Compared with the 2009 review, a lower proportion of legal aspects have been reported (29/45 vs. 19/65). However, in this review, a new factor related to legal aspects that had not been detected in the previous review has emerged: patient confidentiality, which appears in 9% of the articles. On the other hand, ‘Financial reimbursement’ is reported in a higher proportion (21% of articles) as a reason for not reporting an ADR compared with the previous review (11%). In fact, interventions based on economic incentives have been shown to be effective [90,91,92], which is consistent with the perception that reporting is not the health professionals professional duty, reported in 18% of articles.

4.3 Excuses

The third group encompasses attitudes related to excuses, such as lethargy (procrastination and postponing the notification, lack of time or motivation, effort or interest to report, need for an easier method, the report will generate extra work, and forgetfulness), which is the most frequent reason for not reporting (53/65; 81%). This can be combated by providing health professionals with training (emphasizing the sort time needed to report [84]), facilitating the notification process, or eliminating the barriers they have to notify ADRs [8]. Another frequent excuse is the unavailability of a yellow card/ADR form or a shipping address. In this sense, interventions based on the use of information systems (active or passive) and use of an electronic reporting tool has been seen to increase notification. Strategies such as web-based software, hyperlinks, telephone applications, online reporting form, and electronic health records are examples that have emerged with this advance [93,94,95,96,97,98,99].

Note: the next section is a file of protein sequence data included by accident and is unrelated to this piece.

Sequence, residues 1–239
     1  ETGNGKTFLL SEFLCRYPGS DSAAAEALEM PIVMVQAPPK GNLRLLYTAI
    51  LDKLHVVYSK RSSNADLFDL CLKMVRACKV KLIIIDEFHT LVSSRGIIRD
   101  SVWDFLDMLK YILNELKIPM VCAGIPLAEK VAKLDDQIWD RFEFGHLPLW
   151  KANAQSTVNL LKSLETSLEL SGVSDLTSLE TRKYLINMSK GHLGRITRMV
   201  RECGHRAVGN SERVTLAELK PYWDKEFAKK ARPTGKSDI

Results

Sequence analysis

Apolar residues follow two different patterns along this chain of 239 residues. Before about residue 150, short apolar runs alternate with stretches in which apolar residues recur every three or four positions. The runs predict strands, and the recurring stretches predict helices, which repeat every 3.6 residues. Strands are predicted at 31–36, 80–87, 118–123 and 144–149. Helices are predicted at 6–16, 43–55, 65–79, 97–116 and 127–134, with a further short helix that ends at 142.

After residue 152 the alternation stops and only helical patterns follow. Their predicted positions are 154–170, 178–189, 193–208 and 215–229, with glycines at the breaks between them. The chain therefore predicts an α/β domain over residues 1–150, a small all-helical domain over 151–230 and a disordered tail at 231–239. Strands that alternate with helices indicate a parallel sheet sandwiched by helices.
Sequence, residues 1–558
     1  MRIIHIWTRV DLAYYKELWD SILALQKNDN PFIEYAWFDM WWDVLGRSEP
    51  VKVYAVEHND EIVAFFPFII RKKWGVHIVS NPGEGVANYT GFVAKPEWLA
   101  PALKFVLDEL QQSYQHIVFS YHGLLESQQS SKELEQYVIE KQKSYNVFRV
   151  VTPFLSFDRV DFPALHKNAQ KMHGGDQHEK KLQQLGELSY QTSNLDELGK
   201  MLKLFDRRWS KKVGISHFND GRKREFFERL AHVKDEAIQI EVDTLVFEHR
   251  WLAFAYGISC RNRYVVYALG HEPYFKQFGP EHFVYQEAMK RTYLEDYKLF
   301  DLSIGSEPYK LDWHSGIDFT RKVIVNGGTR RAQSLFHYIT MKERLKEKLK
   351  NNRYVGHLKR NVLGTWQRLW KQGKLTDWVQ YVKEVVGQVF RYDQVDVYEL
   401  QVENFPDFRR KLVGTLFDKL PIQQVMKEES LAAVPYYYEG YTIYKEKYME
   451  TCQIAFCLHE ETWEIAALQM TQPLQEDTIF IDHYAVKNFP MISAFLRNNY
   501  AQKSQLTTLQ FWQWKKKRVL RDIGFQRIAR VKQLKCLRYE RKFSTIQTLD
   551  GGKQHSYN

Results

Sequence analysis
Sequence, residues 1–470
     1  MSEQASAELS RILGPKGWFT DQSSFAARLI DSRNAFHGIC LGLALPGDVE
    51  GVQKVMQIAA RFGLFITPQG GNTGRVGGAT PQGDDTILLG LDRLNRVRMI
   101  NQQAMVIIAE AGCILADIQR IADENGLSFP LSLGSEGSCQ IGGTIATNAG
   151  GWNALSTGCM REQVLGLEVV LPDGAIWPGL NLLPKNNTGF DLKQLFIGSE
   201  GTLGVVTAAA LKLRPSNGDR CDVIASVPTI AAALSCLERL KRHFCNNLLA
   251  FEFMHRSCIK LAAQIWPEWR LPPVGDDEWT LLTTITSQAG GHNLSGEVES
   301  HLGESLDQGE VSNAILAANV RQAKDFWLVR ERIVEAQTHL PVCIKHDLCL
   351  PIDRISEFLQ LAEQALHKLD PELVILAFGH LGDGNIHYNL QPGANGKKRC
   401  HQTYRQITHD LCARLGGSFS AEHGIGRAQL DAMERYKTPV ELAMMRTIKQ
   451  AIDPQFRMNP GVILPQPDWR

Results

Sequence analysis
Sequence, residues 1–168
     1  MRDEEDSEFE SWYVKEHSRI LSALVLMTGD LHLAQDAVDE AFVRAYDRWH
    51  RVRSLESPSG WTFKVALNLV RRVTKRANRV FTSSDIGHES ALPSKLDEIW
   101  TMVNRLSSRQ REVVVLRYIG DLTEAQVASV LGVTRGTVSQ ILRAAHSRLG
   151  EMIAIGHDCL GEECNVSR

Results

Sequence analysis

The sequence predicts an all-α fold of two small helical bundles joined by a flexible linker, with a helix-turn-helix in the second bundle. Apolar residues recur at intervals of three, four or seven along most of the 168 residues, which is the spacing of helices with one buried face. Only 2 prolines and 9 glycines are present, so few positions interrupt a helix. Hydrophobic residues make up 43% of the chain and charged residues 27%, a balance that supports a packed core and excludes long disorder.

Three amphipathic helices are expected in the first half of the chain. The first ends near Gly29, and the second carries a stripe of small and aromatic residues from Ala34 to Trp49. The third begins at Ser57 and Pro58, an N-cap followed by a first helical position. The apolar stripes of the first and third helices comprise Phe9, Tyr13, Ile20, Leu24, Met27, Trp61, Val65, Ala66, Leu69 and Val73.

4.4 Other Reasons

This was the third most cited reason by healthcare professionals and includes statements related to lack of feedback from the national regulatory authorities on the submitted form, lack of training, and lack of enough information about the patient to make the report. We believe this is understandable, i.e. the lack of feedback can discourage reporting as people expect to receive feedback to know if what they did was correct. Receiving personalized feedback on the reporting procedure has been described as a motive for reporting ADRs [21, 73, 100, 101]. The lack of information may, for example, be tackled by increasing the consultation time, sharing information from different databases, or even registering a telephone or email contact to clarify doubts at any time.

4.5 Methodology Discussion of the Included Studies